1. Let’s begin by looking at that bit about “building trust and relationships.” The fact is, the United States HAS a relationship with the people of Iraq and Afghanistan. And that relationship is one of military occupier and occupied people.
How about the part about “delivering on promises”? Of what “promises” does the Admiral speak? Did we not go into both Iraq and Afghanistan to further the goals of U.S. policy, specifically to “protect” the United States? It seems to me that the only “promise” made to the people of Iraq and Afghanistan by the U.S. is the promise to use their countries as staging areas for the projection of U.S. (and NATO) power. And “our messages lack credibility” to the extent that they attempt to paint the U.S. effort as being concerned with the welfare of the Iraqi and Afghan people. There is no such concern, the world knows it, and the attempt to put a happy face on a brutal military occupation is the source of the “credibility problem.” Mullen’s statement that “our biggest problem” is “credibility” only makes sense from an imperial point of view. From a moral perspective, the biggest problem is the fact of the occupation itself.
2. The Admiral states that the “trust and credibility” of the United States has been established by “the power of our example.” There are dozens of “examples” of U.S. anti-democratic intervention around the world since World War II, with Iraq and Afghanistan being only the most recent and well-known. People educated outside of the United States tend to be far more aware of this history than those of us who were raised in the imperial center. For those of us in the heart of the beast, I recommend the work of William Blum, specifically “Killing Hope: U.S. Military and C.I.A. Interventions Since World War II.” All of Blum’s work is great, but Killing Hope is a good, and unique, overview of U.S. actions over the decades. It’s filled with “examples” that have a power not mentioned by the Admiral.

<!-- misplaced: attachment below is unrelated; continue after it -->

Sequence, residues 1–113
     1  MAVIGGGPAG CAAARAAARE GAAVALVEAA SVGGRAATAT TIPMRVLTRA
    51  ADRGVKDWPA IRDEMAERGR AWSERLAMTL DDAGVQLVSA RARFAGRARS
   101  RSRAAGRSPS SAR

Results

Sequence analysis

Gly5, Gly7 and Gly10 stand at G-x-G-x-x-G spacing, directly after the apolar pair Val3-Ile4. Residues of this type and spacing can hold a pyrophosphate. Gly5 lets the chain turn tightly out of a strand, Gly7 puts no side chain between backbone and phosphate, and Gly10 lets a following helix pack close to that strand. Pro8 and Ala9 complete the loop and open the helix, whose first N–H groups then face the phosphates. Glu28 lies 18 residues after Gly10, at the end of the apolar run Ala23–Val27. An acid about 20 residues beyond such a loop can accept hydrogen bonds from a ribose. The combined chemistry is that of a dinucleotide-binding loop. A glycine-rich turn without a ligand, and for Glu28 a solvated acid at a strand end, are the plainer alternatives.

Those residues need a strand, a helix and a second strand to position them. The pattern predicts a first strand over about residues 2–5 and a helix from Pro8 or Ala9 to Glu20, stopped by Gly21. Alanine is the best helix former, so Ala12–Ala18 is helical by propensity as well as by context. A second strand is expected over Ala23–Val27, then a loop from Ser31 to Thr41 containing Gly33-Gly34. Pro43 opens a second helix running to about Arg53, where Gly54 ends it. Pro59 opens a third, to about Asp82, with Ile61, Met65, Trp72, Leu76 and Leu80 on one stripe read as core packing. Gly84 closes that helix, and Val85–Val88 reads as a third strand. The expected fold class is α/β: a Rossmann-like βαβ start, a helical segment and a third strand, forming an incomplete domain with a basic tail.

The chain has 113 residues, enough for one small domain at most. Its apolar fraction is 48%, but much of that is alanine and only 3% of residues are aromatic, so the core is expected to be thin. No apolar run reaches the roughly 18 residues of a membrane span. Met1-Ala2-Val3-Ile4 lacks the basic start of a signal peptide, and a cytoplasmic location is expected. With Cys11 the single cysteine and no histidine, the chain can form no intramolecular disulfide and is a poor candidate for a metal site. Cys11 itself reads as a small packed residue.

3. “Each time we fail to live up to our values or don’t follow up on a promise, we look more and more like the arrogant Americans the enemy claims we are.” It’s not a matter of arrogance, really. It’s a matter of making no promise other than the promise to ignore the needs of the Afghan people and attend to the needs of the U.S. leadership. Here’s President Obama this past Friday, September 25th: “[M]y overriding goal [in Afghanistan] is to dismantle the al Qaeda network.” A recent poll of the Afghan people, in contrast, asked “Which do you think poses the biggest danger in our country: drug traffickers, local commanders, the United States, the Taliban, the current Afghan Government or something else?” Exactly zero percent said al Qaeda. I’ve looked at a number of other surveys of people in Afghanistan, and more often than not al Qaeda is not even mentioned.
4. “[T]he essence of good communication [is] having the right intent up front and letting our actions speak for themselves.” One of the examples of “having the right intent” offered by the Admiral is the sailing of the “Great White Fleet,” as it was called. This was a 1907 project of President Theodore Roosevelt to send “state-of-the art, highly-armored, white-painted American naval vessels” on a round-the-world voyage intended, according to Life magazine, “to impress the world with U.S. naval power.” In other words, the Great White Fleet was a projection of U.S. imperial power in the period now known as the Age of Imperialism, during which the U.S. was going about such business as “acquiring as possessions the Philippines and Guam in the Pacific, then Puerto Rico in the Caribbean.” In the Admiral’s world, such actions “speak for themselves” as evidence of “the right intent.”